David muttered something about "Greeks bearing gifts" under his breath, but took the package and the envelope with polite thanks.

"I suspect little Alex will learn to read fairly early," she went on conversationally. "Fox did, you know."

"Ms. D'Auber," someone said behind them. Fox turned and managed to recall the man's name without much difficulty; it was that Maddox fellow, the one David had called "the new CEO on the block", the head of Maddox Technologies. He appeared somewhat older than David, wearing a deep brown velvet doublet over a white linen shirt, tight-fitting hose of the same brown, and high boots.

He extended his hand to Anastasia with a charming smile and a small inclination that wasn't quite a bow. "Forgive my asking, but are you the same Anastasia who went by the surname Renard last year?" When she nodded, he continued "I read your article on nanotechnology in the Scientific Monthly. May I compliment you on it? Your studies have been of great help to us at Maddox Technologies."

"Thank you," Anastasia smiled at him. "I wasn't aware that your company was doing work in that field."

"It's a recent development," he told her. "Like moving operations to New York City. I'm curious; where did you get the formulae for your initial testing sequence? The Tully-Anderson factors would seem to preclude...."

Fox tilted her head at her husband and drifted away from the conversation, which was threatening to become extremely technical. "I think it'll be okay," she murmured to him under her breath.

"Owen's in the nursery, and he says Alex is there asleep," David whispered back. "He'll stay there until your mother leaves."

"Good." She watched her mother for a moment, and turned away with a shiver. "You know she could tear this place apart without breaking a sweat. If she wanted to."

"Then let's hope she enjoys the party," David said lightly, taking her arm. "Shall we?"

Fox looked up at him and managed a smile.


Somewhere over northern New York State

"Didja ever notice that bad stuff keeps happening to both of us at the same time, Maza?" Tony Dracon leaned back in the passenger seat of the helicopter and rested his arm on the backrest. "You get shot, I get arrested. My protection racket gets busted and you go missing for half a year. I get sent to jail and your station house gets blown up. And half the time they got nothing to do with each other. Weird, huh?"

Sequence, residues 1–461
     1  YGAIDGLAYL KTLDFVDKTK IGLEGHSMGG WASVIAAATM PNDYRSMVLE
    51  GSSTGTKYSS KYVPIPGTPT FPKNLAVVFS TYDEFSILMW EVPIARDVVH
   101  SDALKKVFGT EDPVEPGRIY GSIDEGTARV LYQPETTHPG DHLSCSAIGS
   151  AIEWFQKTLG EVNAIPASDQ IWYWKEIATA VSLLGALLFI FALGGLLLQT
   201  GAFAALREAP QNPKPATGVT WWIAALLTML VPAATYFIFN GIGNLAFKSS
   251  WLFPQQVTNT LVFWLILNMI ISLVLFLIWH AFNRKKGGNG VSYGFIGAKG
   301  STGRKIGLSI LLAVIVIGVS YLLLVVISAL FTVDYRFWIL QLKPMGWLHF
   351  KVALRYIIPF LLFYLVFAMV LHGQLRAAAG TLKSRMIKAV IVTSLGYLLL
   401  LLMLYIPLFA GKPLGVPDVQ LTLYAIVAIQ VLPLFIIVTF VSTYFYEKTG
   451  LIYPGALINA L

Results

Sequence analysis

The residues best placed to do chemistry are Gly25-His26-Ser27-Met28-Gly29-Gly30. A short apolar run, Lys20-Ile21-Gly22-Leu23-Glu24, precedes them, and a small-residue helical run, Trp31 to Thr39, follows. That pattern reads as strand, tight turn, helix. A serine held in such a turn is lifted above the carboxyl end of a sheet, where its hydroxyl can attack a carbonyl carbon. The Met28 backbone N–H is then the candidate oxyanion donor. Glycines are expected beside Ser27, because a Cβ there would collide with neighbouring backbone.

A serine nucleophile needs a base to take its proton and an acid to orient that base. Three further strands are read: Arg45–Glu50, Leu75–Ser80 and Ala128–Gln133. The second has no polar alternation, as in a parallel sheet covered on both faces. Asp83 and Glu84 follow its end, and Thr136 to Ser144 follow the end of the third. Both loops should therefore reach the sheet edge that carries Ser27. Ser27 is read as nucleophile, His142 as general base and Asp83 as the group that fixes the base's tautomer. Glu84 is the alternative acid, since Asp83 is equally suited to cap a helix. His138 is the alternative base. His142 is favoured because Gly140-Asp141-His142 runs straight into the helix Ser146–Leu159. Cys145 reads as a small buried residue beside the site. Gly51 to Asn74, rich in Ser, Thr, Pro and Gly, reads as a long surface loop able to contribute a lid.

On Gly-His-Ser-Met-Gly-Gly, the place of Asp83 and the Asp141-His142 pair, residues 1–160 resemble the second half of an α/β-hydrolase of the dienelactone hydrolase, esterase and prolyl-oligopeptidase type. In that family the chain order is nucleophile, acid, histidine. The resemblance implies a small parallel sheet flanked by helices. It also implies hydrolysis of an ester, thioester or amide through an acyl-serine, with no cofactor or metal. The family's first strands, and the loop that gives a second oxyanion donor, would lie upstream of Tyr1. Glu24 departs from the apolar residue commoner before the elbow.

"Except that I busted you," Elisa pointed out. "Twice."

"Yeah." He gave her a moody look. "Why'd you have to go and do something like that, anyway?"

She almost laughed. Almost. "Cause I'm a cop, Tony. It's my job."

"Ah, well. No hard feelings." He gestured expansively. "Sure I was ticked at you for a while, but like I said, bad things happen all the time, to both of us. This is just another one of those things. Nothing personal."

"Tony, you broke into my apartment with a bunch of goons and shanghaied me into a chopper going who knows where. How much more personal can you get?" She shifted, trying to loosen the extra seat belt that was fastened much too snugly around her arms. "What's this all about, anyway?"

He spread his hands. "You're asking the wrong guy, sugar."

"Boy, have I heard that one before," Elisa muttered.

"It's true this time. I'm just the hired gun on this one."

"Yeah? So who's holding your leash, Tony?"

He grinned. "You'll find out when we get there."


Somewhere in Manhattan
A rafter above a crowded movie theater

"Popcorn?" Broadway passed red-and-white paper boxes around to the other three before seating himself on the rafter.

"Thank you," Angela whispered, taking a box. "What did you say this stuff is made from again?"

"Shhh." Lex was watching the Coming Attraction movie trailers. "Okay, that one looks like it's gonna have some pretty heavy special effects, but I don't know if the story'll be any good...."

"Looks pretty lame to me," Brooklyn shrugged, helping himself to popcorn. "Just a bunch of people in bright-colored costumes jumping around and fighting each other."

Lexington was about to respond, but the radio link at his belt crackled, and he glanced at the others in surprise before unhooking the link and speaking into it. "Lex here."

"I'm at Elisa's apartment," Goliath's voice said without preamble. "There are signs of a struggle, and she is missing."

Broadway gasped. "Elisa?"

Goliath's voice went on. "The only trace of her is a word written on her mirror, in her handwriting. Xanadu."

"Xanadu?" Brooklyn frowned. "Isn't that Xanatos's place upstate?"

"It's got to be a trap, Goliath," Broadway protested.

"I know," Goliath said grimly. "And that is why I am going alone to spring it. I want you to know where I've gone, but you four stay behind. And do not return to the castle. That's an order!"

"But Goliath...!" Lexington's objection trailed off as their leader's voice dissolved into crackling static.

The four looked at each other in dismay.

"Well?" Brooklyn said finally.

"We gotta help him," Broadway stated flatly. "And Elisa."

"He did order us to stay behind," Angela said, sounding unconvinced.

"Yeah," Brooklyn said, looking right at her. "I know. So do we follow his orders...or do we follow him?"


Castle Wyvern, the Great Hall